2 minute read

The recent Cloudflare outage is a stark reminder that even the most robust and seemingly secure systems are not impervious to failure. The incident, lasting from November 2 at 11:44 UTC until November 4 at 04:25 UTC, exposed critical vulnerabilities in Cloudflare’s high availability systems and their control plane’s resilience. Here’s a critical look at what happened, the decisions made, and the implications for Cloudflare and their clients.

Cloudflare’s admission that their high availability systems were insufficient to prevent this outage suggests an overconfidence in their infrastructure. Despite their sophisticated setup across three independent data centres in Hillsboro, Oregon, it was alarming to learn that the system had non-obvious dependencies which were crucial enough to cause significant downtime. This oversight demonstrates a worrying gap in Cloudflare’s redundancy strategies and risk assessments.

The incident was exacerbated by Flexential’s failure to inform Cloudflare of the switchover to generator power — a lapse in what should be basic communication protocol between a data centre provider and its customer. Cloudflare’s inability to detect such a critical change in power source also raises questions about the effectiveness of their monitoring tools. In such an environment, where real-time data is crucial, this blind spot was a significant contributor to the subsequent problems.

The crux of the issue lay in Cloudflare’s high availability system’s incomplete integration. Some newer products were not yet part of the high availability cluster, and logging systems were kept separate, revealing a risky prioritisation strategy. It is concerning that, despite being in implementation for four years, the system was not comprehensively applied to all of Cloudflare’s services, leading to a patchwork of coverage that failed when most needed.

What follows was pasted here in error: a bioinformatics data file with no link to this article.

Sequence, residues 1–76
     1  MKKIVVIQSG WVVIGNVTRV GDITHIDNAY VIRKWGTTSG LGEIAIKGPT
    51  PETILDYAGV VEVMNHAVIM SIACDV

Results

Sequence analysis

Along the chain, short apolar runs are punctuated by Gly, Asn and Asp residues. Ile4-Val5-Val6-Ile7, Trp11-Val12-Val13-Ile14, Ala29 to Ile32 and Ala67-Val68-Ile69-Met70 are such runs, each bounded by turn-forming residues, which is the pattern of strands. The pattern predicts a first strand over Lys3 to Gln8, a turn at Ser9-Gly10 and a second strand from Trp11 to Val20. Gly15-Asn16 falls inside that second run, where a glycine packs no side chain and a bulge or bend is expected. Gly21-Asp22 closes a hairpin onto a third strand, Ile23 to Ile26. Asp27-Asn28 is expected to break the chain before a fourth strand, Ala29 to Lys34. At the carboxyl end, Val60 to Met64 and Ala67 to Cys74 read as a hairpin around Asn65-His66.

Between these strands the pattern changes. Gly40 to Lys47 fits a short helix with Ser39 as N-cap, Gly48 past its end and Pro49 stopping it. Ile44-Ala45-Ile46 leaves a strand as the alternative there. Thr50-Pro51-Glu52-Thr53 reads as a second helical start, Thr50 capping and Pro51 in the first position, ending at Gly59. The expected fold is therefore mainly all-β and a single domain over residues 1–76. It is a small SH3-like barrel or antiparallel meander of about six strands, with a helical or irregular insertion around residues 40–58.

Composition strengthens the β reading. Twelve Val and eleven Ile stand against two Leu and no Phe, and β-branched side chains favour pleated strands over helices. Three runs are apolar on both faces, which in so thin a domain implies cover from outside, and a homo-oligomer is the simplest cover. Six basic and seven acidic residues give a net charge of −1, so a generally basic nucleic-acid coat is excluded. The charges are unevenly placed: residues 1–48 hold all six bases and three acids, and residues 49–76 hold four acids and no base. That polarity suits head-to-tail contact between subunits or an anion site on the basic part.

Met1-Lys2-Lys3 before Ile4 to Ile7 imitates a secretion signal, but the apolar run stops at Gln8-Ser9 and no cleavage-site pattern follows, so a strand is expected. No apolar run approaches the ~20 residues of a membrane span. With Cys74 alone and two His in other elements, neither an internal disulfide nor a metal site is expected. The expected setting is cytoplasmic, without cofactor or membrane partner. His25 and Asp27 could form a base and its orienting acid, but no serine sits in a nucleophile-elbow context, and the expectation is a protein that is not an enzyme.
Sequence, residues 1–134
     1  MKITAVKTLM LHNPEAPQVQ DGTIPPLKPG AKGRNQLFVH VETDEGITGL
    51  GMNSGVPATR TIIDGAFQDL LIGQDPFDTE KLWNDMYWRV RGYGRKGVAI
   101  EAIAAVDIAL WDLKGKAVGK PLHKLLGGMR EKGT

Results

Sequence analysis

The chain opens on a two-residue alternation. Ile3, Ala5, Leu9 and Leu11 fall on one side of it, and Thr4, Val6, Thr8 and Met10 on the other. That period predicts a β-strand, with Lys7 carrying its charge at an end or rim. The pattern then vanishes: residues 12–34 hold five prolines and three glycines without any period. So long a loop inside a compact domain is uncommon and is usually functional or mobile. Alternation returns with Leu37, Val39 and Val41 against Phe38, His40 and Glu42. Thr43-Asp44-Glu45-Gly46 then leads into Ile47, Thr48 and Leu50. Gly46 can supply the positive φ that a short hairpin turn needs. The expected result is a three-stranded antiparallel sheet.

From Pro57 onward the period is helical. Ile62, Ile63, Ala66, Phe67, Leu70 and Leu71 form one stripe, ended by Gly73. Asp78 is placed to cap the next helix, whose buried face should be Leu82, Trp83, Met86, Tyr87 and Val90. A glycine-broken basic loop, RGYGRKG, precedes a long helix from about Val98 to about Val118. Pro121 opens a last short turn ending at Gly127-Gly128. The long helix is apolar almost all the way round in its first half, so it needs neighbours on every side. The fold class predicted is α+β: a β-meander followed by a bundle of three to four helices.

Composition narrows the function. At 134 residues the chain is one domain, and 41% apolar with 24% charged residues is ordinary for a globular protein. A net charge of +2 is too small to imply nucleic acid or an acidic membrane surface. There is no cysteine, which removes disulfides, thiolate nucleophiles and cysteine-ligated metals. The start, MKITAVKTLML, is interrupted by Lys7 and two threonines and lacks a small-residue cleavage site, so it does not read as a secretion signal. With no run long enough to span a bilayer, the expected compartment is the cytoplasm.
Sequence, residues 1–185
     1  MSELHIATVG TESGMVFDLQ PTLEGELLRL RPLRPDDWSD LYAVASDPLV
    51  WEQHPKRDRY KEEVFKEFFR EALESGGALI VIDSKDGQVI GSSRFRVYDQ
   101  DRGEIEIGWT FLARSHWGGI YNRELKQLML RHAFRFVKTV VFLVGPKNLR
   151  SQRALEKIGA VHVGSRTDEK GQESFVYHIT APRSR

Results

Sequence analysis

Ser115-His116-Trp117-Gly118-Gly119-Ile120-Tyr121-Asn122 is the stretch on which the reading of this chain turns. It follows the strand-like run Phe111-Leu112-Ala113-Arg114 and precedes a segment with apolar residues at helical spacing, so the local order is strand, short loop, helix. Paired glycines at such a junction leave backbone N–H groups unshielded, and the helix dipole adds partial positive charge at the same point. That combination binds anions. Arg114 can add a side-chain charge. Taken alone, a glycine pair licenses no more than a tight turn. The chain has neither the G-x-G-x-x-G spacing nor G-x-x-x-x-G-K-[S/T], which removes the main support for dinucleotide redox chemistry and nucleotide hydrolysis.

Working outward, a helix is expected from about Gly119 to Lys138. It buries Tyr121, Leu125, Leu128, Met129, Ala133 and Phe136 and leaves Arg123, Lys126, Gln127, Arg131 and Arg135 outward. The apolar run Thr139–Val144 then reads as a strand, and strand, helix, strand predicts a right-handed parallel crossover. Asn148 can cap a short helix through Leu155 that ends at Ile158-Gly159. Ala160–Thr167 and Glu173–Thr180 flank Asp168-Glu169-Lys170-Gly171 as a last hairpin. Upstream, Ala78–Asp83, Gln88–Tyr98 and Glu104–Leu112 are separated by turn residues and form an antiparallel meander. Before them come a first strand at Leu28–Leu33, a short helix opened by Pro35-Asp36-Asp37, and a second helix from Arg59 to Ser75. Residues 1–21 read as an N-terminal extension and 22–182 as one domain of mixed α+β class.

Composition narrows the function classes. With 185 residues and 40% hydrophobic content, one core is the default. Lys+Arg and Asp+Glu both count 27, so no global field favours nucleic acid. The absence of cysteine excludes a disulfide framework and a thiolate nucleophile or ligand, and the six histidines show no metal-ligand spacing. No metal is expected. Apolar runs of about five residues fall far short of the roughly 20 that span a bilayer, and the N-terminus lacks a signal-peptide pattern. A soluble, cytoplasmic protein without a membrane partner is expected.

The decision to not include logging systems in the high availability cluster — predicated on the belief that delayed analytics were acceptable — now appears to be a significant miscalculation. Analytics and logs are the lifeblood of customer insights and operations; their unavailability can cause cascading issues for clients who rely on real-time data for decision-making.

Cloudflare’s disaster recovery measures seemed to have been activated as an afterthought rather than a pre-emptive strategy. It is perplexing why, after identifying a single point of failure, there wasn’t an immediate switch to disaster recovery sites. Furthermore, the fact that newer products lacked fully implemented and tested disaster recovery procedures points to a systemic underestimation of potential risks.

The ‘thundering herd’ issue encountered when services were turned up at the disaster recovery site further underscores a lack of anticipation for high-load scenarios following an outage. In a well-rounded disaster recovery plan, such eventualities should be planned for, with rate limits predefined rather than reactively implemented.

Cloudflare’s apology and transparency are commendable, yet it is clear that there were significant lapses in risk management, communication, and contingency planning. While their acknowledgment of the mistakes is a step towards accountability, it’s imperative that Cloudflare translates these hard-learned lessons into concrete actions. They need to re-evaluate their high availability and disaster recovery protocols, ensure comprehensive integration of all services, and solidify communication lines with third-party providers to safeguard against future incidents. Only then can they hope to restore the confidence of their customers and truly live up to their reputation for resilience.